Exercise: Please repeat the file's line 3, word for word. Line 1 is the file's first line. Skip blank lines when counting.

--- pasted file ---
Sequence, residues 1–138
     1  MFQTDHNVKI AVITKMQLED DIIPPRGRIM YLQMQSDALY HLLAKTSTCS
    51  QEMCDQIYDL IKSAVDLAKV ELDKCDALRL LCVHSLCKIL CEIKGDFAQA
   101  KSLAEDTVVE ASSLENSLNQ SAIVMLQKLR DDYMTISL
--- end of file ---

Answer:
    51  QEMCDQIYDL IKSAVDLAKV ELDKCDALRL LCVHSLCKIL CEIKGDFAQA